Enchanting the Familiar
Once you and the familiar accept each other, you take the animal to your laboratory and begin a series of enchantments. This takes a minimum of 2 seasons. Any serious distractions from these enchantments ruins them and forces you to start over from the beginning. Enchanting a familiar is different from other enchantments. The bond between you and your familiar causes changes to you both, and you do not have full control over how the enchantment affects you. The group determine how you are affected throughout the enchantment, though you do have control over the changes your familiar undergoes.
The First Season – Opening the Enchantment
After befriending the animal, the Magus takes the animal into his/her lab and begins the enchantment process. To begin this process, the magus must have an Animal score of 3 or higher. The Magus then chooses the Technique and Form that will be used to bind the familiar. This Technique and Form should correspond to the animal or its powers. For Example, using the Technique, Creo, and the, Form, Aquam, to bind a beaver as a familiar is plausible, because beavers spend a lot of time in and around water and they are known for building or creating structures to control that water. There are many justifiable Technique + Form pairs though and Animal + Vim is always an applicable pairing. Compare your Technique + Form + Magic Theory score to the animal’s Magic Might + 5. If your score is higher than the animal’s, then you can bind it and make it your familiar. Otherwise, the enchantment is beyond your capability, at this time, for this particular beast. The binding takes the animal’s Magic Might score + 5 vis to begin.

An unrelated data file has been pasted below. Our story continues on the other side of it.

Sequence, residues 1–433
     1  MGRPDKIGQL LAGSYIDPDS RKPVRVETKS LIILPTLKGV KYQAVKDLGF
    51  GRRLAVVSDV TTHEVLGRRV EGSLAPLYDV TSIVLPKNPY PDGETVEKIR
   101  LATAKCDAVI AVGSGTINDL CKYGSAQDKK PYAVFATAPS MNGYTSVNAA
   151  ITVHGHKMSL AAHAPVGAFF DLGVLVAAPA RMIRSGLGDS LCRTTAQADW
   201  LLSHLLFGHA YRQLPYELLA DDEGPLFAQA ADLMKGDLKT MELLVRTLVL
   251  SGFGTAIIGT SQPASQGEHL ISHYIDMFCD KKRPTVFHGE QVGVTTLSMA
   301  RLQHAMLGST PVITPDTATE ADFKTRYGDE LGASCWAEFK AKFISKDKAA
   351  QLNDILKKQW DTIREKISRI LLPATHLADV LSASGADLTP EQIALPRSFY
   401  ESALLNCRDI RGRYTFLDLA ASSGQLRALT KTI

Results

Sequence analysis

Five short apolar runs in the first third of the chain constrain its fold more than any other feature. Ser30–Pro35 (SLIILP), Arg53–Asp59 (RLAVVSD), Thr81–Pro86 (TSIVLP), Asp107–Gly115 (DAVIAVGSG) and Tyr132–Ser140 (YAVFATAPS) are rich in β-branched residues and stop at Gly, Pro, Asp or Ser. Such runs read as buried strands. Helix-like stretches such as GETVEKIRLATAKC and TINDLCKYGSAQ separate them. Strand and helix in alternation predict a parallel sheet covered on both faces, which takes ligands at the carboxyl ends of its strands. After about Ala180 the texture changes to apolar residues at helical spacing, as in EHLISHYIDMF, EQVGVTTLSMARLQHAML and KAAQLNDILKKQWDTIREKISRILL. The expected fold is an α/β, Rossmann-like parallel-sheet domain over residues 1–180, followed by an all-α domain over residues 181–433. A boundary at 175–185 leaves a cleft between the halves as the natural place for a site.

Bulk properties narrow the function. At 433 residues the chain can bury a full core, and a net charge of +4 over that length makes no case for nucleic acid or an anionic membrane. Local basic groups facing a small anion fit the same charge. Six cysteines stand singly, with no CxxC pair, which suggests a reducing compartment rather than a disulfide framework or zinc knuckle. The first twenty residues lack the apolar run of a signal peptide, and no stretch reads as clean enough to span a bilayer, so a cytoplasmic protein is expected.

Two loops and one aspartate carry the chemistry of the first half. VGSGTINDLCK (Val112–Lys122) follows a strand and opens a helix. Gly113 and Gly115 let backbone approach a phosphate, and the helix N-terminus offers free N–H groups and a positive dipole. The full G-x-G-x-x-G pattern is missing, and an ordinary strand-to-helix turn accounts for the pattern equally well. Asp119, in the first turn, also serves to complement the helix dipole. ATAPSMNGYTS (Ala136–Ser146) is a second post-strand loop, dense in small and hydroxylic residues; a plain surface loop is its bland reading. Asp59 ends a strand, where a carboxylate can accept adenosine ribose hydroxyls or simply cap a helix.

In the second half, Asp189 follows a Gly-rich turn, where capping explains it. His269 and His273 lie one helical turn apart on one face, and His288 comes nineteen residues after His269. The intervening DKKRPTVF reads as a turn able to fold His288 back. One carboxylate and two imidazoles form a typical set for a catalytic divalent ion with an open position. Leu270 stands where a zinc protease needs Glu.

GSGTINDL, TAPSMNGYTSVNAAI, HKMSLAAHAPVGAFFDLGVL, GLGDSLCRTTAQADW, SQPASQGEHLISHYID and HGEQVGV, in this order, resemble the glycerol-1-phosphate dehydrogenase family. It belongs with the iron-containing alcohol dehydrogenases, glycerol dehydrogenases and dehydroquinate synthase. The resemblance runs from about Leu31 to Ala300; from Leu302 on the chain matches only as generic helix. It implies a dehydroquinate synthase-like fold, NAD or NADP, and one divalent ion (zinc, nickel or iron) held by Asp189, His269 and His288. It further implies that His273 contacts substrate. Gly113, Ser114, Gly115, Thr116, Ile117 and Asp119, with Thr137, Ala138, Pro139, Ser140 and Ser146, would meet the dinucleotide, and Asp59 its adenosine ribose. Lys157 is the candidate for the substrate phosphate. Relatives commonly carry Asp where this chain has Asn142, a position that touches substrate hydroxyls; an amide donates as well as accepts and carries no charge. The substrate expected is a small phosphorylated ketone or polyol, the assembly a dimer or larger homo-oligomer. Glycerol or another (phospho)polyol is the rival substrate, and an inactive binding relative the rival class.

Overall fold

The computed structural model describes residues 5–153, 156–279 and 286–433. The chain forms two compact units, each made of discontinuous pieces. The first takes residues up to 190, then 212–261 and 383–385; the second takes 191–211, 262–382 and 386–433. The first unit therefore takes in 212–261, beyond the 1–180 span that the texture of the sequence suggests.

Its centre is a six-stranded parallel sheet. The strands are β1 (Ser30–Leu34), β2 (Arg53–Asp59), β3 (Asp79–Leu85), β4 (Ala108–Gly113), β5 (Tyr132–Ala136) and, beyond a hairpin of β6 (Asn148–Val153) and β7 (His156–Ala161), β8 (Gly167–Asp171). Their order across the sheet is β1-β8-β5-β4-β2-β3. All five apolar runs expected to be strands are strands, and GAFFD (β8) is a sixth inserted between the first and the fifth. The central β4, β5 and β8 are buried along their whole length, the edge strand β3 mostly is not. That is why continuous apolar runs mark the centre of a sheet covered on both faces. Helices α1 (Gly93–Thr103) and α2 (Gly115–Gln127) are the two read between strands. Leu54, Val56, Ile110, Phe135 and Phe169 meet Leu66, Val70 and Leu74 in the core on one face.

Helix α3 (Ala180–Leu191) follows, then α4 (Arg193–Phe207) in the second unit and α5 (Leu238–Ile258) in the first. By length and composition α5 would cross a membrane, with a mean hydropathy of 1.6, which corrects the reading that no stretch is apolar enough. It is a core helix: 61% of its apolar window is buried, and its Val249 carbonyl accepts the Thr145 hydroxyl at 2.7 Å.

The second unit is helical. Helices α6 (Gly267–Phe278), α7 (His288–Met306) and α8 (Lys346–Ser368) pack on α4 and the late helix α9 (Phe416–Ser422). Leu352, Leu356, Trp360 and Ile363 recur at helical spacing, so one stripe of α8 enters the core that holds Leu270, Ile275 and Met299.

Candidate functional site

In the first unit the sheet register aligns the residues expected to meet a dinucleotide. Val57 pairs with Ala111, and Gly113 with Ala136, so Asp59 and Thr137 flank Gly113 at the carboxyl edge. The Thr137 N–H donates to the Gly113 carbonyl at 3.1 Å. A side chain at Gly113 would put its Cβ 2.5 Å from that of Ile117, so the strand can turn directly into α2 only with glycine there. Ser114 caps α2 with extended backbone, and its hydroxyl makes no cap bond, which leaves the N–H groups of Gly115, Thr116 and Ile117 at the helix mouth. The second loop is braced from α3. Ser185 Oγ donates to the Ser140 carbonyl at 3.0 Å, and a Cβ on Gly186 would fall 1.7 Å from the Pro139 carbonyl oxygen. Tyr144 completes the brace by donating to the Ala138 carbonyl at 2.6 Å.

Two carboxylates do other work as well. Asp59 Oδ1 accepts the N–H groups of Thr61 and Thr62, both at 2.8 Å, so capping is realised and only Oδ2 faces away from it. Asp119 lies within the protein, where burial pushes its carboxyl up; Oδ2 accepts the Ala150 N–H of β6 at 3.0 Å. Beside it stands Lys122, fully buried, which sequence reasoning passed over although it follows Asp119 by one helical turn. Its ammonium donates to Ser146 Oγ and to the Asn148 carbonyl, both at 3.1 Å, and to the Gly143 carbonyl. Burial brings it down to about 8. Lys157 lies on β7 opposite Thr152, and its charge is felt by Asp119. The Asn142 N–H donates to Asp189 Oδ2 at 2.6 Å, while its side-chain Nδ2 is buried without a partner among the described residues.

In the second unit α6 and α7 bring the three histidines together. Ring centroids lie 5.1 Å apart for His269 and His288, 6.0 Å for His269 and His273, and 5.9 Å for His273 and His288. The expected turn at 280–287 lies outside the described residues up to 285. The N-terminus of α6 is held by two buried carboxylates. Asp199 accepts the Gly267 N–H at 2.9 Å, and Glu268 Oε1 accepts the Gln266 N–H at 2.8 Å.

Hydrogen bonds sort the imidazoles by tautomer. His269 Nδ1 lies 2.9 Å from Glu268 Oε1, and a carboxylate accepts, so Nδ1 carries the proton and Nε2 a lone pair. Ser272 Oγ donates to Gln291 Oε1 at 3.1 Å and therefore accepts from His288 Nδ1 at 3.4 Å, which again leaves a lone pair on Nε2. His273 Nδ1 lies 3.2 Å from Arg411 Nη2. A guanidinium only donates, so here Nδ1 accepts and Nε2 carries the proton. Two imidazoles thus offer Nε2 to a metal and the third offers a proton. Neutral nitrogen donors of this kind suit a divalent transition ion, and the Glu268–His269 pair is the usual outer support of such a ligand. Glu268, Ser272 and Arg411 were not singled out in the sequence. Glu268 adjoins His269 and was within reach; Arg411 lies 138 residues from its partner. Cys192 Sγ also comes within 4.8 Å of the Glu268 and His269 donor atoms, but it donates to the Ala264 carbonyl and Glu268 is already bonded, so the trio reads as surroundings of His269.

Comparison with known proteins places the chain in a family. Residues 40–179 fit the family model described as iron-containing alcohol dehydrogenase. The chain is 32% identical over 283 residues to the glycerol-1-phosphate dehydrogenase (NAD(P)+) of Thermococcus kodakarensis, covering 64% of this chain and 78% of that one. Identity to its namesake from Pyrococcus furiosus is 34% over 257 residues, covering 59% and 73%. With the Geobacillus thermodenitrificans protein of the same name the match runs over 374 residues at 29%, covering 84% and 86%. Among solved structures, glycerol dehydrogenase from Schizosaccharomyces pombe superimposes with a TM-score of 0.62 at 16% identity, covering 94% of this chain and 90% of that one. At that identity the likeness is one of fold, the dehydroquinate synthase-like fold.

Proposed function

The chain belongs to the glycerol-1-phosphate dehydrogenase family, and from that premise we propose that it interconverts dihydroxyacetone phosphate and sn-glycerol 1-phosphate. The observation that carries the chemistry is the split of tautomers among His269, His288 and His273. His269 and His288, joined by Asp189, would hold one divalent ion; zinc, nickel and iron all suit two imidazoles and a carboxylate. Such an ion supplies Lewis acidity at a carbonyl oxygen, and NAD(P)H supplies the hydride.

The Second Season – Strength of the Bond and the Three Cords
In the Second season, the Magus creates the three mystical cords that bind the familiar to the Magus. After this season, your familiar gives you the benefits of the three cords:
- The Golden Cord: You may expend the power of the Golden Cord for the effect of one pawn of vis on a spontaneous spell, or to half the amount of vis needed to extend a formulaic spell’s range or duration. You may only do this once per scene.